Is the Oil and Gas Industry making a Comeback?
When looking at share prices, is it a good idea to invest in the energy sector (as a trader)?
The oil and gas industry has taken a serious beating in the last couple of years.
Hundreds of thousands of industry experts have been laid off, and the only “news” is about the oil price – for every little nudge in pricing, there is an explanation offered.
Over the last two days, these were the headlines:
“Oil dips on rising U.S. crude inventories and production”
“Oil Futures Maintain Overnight Gains Ahead of OPEC Meeting”
“Crude Oil Prices Mixed As Market Looks To U.S. Rig Count”
Such news is just noise and does not help with understanding the current big picture and industry trends.
How have the big oil companies been doing since the phenomenal oil price decline?
And what is their outlook? Let’s have a look how the oil price and the industry sector have been doing.
The below chart shows oil price (black line) vs. energy sector index price (gray line), starting from 2 years back.
The oil price is still depressed compared to its former highs – while the energy index staid mainly flat. So, while there was no growth, there was no major decline, either!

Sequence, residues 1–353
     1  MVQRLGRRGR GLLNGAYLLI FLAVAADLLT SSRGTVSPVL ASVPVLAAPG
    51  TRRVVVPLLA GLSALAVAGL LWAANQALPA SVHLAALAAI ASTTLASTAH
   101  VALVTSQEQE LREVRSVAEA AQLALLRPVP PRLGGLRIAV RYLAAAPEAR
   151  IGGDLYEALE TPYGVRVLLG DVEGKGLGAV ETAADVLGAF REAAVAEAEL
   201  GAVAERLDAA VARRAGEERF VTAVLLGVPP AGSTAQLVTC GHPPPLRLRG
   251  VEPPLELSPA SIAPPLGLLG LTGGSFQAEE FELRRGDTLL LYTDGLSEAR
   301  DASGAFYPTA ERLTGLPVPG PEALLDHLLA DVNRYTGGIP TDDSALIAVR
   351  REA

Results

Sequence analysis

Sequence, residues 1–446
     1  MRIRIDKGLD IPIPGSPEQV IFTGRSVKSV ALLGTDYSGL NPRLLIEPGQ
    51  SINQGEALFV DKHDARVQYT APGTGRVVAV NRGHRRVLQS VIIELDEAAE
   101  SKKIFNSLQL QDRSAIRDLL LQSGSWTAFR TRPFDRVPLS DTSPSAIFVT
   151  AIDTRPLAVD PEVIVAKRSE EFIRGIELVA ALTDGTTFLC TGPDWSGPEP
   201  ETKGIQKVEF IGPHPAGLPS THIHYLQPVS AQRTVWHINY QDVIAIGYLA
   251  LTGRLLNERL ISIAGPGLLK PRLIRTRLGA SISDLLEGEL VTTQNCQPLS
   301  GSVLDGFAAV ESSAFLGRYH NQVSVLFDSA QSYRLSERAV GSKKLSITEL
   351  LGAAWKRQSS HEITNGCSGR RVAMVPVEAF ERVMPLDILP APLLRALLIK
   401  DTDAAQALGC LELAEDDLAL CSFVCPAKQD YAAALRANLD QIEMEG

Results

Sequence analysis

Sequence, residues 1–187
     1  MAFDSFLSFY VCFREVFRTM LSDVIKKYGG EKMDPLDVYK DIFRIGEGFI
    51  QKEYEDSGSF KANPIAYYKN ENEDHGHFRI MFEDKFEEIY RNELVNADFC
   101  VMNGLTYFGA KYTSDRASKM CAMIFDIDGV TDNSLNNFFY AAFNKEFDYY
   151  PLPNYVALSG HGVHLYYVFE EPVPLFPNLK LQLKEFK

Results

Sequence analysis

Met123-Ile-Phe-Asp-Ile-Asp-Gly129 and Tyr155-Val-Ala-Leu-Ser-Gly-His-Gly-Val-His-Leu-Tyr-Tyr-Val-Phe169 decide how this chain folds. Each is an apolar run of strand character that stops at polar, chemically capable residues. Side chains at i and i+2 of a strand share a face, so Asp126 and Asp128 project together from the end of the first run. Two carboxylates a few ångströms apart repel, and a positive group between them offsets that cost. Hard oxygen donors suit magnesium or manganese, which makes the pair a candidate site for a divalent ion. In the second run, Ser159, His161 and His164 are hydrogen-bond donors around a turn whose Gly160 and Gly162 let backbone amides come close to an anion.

But it gets more interesting when we add some major oil companies to the comparison. Here’re the ones I added:
I highlighted the ones that did best (Chevron, blue) and worst (ConocoPhillips, orange).
Chevron did very well in comparison to the industry index, increasing its share price by 50% over 2 years!
Most big players are crowded around the index. There is a visible correlation to the oil price with all stocks, but what is important here is the trend.
So what’s the forecast? Let’s see the trends:
With the 2-year trend lines in place, you can see that most large oil companies’ stocks are increasing in price, despite a downtrend for the oil price.
Does that mean more jobs, more activity, and more projects?
The stock prices simply acknowledge the fact that oil majors adjusted their business model to the lower oil price. That means that they are operating now more efficiently and are making profits – but mostly not by increasing operations.
Here’s Chevron’s Finance Data (from Google Finance):
Annual Income Data
It shows the strong decline in revenues and profits.
Quarterly Income Data
The quarterly income statement looks better, but the improvements are moderate, not really justifying the stock price increase.
Here are the stock price trends for companies in the energy sector:
Only 15% show a clear uptrend.
The oil crisis is not over yet! Stock traders can find opportunities for investing in oil companies, despite the low oil price. However, I consider it a high-risk investment for now.
There is no real rebound in sight just yet.
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